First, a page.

Saturn’s rings haven’t always been there

Titan’s north pole as seen by the Cassini Visual and Infrared Mapping Spectrometer. The orange box shows the “wet sidewalk” region what analyses suggests is evidence of changing seasons and rain on Titan’s north pole. The blue box shows the expan

Saturn’s rings haven’t always been there

Initially bright and made of ice, the bands over time become contaminated and darkened by interplanetary debris. "It was a classic, spectacular way to end the mission".

Now, data from the mission's grand finale is giving scientists insight into the extensive system, and it's potential age. Scientists used Cassini's trajectory to calculate the rings' gravity, which allowed scientists to estimate the rings' mass.

The idea that Saturn's rings could be used to study the seismology of the planet was first suggested in 1982, long before the necessary observations were possible. The researchers picked six of these orbits, measuring how the gravitational field around Saturn changed Cassini's velocity, and in turn, the microwave signal.

NASA's Cassini orbiter has been dead for well over a year now, but its incredible discoveries continue to trickle in as researchers pore over data and images it collected while it was active.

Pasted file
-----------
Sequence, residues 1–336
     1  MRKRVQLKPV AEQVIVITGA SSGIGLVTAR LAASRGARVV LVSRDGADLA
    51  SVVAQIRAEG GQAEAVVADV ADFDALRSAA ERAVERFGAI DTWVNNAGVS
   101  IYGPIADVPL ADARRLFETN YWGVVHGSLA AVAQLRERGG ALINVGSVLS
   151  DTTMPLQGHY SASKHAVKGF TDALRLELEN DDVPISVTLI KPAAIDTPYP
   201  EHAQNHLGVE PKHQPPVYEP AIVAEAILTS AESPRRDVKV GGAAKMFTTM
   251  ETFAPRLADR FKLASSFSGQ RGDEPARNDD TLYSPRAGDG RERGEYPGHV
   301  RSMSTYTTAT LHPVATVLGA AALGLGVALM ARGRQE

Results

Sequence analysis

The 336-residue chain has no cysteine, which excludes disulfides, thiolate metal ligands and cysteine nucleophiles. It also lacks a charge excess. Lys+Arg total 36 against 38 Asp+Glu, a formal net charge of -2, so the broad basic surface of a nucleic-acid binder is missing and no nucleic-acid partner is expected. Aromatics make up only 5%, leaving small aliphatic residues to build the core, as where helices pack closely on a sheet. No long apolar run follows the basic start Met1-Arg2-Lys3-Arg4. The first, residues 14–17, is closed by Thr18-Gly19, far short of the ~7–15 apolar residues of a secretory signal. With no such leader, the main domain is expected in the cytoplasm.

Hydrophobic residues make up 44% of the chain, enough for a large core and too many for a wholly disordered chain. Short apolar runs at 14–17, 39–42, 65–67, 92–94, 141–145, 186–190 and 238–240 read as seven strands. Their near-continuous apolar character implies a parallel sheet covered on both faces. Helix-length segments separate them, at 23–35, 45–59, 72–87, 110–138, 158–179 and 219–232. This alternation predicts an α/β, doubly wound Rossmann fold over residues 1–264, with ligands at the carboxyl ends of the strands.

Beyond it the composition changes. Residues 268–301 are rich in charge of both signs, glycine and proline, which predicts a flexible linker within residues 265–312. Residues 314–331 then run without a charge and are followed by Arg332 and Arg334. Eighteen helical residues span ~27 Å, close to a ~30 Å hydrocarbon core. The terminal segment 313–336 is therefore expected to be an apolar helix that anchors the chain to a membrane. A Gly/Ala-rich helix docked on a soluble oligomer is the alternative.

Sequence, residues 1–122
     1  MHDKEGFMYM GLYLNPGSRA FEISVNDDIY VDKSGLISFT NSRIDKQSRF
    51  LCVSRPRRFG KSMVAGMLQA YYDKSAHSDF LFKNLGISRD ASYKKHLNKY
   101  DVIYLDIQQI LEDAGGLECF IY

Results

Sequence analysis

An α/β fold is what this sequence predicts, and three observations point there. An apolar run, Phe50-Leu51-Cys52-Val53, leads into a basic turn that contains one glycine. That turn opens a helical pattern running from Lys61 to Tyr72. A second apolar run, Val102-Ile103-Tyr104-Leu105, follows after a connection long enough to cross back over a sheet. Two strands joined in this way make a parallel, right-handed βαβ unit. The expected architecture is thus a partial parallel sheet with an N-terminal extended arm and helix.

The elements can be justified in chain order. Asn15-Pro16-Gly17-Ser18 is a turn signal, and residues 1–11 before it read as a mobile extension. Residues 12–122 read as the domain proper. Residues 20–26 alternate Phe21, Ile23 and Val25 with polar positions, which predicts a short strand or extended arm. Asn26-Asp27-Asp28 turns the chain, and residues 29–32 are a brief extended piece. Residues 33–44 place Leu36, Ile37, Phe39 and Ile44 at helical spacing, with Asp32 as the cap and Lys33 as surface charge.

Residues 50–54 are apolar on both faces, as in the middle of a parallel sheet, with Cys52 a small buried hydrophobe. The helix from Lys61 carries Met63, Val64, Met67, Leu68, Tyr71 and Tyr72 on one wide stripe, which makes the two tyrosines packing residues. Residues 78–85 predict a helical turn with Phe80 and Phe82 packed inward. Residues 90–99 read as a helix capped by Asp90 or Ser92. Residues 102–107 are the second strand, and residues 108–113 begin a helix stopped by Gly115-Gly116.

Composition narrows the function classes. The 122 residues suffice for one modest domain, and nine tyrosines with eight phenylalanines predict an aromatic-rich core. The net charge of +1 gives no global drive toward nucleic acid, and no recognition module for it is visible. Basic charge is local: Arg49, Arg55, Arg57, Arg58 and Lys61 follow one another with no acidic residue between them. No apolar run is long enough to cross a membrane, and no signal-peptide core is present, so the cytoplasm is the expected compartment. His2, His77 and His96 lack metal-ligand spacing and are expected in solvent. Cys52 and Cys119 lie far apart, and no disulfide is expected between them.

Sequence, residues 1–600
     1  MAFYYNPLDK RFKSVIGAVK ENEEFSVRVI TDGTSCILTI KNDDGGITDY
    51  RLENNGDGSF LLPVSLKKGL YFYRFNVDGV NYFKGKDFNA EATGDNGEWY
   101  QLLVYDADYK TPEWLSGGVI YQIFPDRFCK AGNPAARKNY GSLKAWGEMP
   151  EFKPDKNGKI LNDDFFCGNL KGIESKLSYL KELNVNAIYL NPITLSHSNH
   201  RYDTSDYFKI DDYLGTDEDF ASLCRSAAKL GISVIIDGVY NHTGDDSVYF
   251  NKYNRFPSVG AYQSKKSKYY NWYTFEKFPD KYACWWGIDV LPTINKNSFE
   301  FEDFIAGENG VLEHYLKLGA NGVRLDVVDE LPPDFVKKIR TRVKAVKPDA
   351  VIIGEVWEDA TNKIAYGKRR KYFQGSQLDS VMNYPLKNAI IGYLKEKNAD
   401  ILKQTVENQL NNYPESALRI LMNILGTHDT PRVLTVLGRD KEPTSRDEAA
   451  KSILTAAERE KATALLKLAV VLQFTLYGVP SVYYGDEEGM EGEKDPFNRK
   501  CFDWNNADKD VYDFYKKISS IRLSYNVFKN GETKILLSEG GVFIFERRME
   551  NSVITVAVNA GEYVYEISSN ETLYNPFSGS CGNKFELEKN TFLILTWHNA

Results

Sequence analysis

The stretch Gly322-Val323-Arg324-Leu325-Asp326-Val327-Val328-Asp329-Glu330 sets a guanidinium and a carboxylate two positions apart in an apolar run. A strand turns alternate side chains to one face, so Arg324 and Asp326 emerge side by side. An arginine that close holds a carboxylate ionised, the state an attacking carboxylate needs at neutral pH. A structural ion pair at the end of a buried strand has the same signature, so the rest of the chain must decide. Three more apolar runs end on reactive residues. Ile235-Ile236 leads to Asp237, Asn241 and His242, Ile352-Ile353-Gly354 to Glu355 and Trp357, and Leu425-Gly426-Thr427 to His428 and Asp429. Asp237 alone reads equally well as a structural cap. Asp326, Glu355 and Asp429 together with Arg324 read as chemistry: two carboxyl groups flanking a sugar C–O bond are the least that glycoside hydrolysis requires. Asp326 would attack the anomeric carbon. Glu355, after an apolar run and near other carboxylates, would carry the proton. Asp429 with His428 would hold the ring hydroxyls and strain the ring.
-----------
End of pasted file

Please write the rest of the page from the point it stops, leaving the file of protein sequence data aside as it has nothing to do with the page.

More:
According to a new study published in the Astrophysical Journal, the ring particles respond to vibrations within Saturn much like a seismometer might to an quake.

"Two decades later, in the final years of the Cassini mission, scientists analyzed mission data and found ring features at the locations of Mark's predictions", said co-author Jonathan Fortney, professor of astronomy and astrophysics at UC Santa Cruz and a member of the Cassini team.

"T$3 he rings have less than 100 million years to live".

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Thomas Stallard, from the U.K.'s University of Leicester, who was not involved in the study, told Newsweek the results were "striking" as it "once again confirms a startling truth, that Saturn's rings have not existed in the solar system since the planet formed, but are relatively young".

"That turned out to be massive flows in the atmosphere at least 6,000 miles (9,000 km) deep around the equatorial region".

Scientists had previously relied on density waves, or ripples, through the rings caused by the motion of the 62 moons in Saturn orbit to estimate ring mass. Because Saturn is a gas giant with no solid surface, there are no physical landmarks to track as it rotates, and it also has an unusual magnetic field that makes its rotation rate hard to pin down, the Jet Propulsion Lab explains.

This is why the rings finding has been key to homing in on the length of day.

Saturn's E ring, meanwhile, has its own unique source: plumes of water vapor streaming into space from the moon Enceladus, believed to harbor an ocean beneath its surface. JPL designed, developed and assembled the Cassini orbiter. Others felt the rings were much younger, but lacked crucial data like their mass to estimate their age reliably. But the new calculation's range beats a 12-minute window. In effect, the rings act as an extremely sensitive seismograph by responding to vibrations within the planet itself.

While Saturn's rings may disappear in less than 100 million years because gravity is pulling them into the planet, apparently they haven't always surrounded the planet, either.

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